Without going into chemical details, in Imago OCR we work with images of molecules, which in fact represent a bond graph with vertices (labels) at the tops of them, so the very task of assembling the structure is quite trivial. But not every combination of symbols is a valid label of an atom, and it is not possible to construct a correct graph from any set of segments. Labels can use superscripts and superscripts, charge signs, and parenthesis sequences. For further discussion, I will choose the most interesting, and possibly potentially useful points.

##### Structure graph processing

The first important step is actually getting this graph. After vectorization, all we have is a set of disparate segments, each of which has a “beginning” and “end”, which I marked with circles in the image of the structure:

We statistically determine the average radius of possible gluing, and “collect” the segments whose ends lie in this radius to the vertices of the graph:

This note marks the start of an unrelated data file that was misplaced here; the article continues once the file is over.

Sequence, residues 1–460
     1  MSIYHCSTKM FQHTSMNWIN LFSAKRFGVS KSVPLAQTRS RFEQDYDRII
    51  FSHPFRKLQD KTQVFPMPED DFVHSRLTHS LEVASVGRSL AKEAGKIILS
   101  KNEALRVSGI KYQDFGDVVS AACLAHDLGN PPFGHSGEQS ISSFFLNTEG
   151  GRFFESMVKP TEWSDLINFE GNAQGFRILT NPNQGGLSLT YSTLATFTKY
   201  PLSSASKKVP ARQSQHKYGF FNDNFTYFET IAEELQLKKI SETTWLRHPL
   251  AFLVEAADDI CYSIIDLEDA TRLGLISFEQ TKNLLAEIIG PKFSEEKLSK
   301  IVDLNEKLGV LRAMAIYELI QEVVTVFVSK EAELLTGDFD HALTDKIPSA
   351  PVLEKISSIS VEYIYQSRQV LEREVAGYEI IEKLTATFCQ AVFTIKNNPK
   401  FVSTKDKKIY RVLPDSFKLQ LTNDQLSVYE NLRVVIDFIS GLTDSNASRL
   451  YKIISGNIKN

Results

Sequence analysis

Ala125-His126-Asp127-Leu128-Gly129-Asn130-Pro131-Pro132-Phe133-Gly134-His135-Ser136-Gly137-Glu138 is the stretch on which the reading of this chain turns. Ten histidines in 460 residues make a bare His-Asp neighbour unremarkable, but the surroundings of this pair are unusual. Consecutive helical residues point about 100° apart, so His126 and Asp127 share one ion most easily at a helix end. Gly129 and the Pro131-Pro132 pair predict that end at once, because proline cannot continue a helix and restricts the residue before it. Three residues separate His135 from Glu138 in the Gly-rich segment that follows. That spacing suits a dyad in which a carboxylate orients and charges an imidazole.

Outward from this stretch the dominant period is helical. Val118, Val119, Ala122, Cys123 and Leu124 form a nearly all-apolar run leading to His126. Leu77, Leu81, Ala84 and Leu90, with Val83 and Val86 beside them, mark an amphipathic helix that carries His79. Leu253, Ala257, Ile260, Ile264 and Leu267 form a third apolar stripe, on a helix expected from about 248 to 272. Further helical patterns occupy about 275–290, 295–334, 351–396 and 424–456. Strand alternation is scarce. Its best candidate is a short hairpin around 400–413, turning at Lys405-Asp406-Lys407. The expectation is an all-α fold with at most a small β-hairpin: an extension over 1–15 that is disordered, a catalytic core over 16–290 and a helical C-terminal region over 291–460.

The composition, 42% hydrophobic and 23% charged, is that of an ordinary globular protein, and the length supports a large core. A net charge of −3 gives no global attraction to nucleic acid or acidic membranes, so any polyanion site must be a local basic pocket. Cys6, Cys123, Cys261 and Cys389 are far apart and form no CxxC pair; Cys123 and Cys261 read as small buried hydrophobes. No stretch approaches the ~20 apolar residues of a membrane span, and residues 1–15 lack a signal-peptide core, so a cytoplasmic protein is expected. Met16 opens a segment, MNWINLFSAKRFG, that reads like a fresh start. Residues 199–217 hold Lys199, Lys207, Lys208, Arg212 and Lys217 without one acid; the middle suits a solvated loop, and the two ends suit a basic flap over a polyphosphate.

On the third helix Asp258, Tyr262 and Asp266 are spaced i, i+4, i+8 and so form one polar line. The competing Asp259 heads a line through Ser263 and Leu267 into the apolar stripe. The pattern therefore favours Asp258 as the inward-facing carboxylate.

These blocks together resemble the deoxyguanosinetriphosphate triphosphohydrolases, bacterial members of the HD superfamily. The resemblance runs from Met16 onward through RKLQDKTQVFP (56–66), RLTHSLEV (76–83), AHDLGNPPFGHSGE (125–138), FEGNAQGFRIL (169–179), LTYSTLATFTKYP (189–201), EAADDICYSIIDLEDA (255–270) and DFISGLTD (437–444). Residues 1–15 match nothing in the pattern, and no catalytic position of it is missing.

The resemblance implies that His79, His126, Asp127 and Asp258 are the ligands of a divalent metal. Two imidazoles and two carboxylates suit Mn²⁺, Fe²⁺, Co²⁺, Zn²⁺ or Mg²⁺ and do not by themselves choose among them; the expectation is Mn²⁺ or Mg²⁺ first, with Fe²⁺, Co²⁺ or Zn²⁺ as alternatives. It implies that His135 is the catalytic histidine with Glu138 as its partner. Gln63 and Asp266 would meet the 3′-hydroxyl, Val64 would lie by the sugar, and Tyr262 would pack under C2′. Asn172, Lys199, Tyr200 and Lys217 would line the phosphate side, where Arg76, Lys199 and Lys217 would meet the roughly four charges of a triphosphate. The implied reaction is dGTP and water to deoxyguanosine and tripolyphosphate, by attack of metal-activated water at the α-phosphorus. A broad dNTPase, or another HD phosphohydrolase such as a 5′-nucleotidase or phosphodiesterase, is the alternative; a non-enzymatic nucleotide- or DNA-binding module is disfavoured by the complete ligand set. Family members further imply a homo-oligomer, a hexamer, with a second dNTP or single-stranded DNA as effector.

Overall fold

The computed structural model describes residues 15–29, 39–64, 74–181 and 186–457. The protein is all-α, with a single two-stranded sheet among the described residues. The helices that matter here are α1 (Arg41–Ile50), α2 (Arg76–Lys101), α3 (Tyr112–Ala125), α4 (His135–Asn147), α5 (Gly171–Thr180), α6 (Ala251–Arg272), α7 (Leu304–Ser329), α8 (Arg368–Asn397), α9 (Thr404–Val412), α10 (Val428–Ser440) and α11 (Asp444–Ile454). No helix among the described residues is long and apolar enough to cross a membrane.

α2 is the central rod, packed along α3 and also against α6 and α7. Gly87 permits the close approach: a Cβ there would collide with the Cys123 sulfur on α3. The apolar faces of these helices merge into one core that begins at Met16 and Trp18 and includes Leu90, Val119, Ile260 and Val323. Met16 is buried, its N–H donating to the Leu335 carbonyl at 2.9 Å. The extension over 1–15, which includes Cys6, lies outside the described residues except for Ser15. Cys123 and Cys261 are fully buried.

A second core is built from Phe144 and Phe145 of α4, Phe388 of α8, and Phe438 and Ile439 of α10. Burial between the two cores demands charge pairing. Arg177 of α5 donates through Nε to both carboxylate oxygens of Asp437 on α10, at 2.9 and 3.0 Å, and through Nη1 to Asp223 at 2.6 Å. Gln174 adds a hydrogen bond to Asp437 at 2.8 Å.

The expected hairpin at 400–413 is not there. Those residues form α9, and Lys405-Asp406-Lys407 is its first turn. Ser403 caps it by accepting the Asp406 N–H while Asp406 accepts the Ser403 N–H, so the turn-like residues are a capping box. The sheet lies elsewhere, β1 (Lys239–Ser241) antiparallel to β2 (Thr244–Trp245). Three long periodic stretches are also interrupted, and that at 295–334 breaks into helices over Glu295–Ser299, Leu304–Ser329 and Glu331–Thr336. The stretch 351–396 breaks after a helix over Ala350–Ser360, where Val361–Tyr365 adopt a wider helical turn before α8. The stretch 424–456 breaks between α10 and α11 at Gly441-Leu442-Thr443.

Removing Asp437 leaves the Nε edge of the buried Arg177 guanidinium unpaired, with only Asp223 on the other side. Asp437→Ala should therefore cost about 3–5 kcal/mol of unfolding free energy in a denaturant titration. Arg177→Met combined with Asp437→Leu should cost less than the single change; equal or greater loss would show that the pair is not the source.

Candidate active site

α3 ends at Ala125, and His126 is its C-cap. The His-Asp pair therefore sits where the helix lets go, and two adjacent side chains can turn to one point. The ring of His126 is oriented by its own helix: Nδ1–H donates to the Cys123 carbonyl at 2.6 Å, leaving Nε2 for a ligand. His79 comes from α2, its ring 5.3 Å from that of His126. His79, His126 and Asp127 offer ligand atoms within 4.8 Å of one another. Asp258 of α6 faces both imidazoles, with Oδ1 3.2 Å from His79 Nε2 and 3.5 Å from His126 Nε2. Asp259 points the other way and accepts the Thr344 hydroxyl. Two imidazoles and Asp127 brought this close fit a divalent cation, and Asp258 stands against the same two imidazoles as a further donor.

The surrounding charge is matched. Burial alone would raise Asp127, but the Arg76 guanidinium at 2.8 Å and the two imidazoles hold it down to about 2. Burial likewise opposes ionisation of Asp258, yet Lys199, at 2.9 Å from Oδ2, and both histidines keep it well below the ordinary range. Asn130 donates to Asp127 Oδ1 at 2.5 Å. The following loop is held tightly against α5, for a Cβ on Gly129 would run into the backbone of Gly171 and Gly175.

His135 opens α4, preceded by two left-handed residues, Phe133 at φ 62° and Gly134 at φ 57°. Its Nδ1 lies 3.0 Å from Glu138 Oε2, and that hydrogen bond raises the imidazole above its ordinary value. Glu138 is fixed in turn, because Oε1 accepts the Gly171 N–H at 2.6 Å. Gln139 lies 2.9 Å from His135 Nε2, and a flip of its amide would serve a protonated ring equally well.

The radius can be defined as follows - for each vertex calculate the minimum distance to the neighbors and find the peak of the histogram. If this peak gives a radius larger than the average size of the symbol, then we can assume that all segments are not connected.

Then remove too short edges:

Too short edges are the result of vectorization of lines with artifacts (bends, pixel noise). We have an average symbol size, we can assume that a bond length shorter than the symbol size is impossible (with a number of exceptions that are checked in a special way - chemical specificity).

The above items will be useful in recognizing tables, for example. And we still have a search for multiple edges, finding "bridges" (a planar image of disjoint edges), finding the image of the "arrow". All this is much more convenient to do, working with the graph structure, and not with intermediate recognition results - you should not achieve "ideal" vectorization.

##### Label assembly and processing

For symbols, it is necessary to carry out grouping and here a solution similar to the “assembly" of the graph is applied. Each collected label must be recognized, and since there may be superscripts and subscripts - the task becomes more interesting.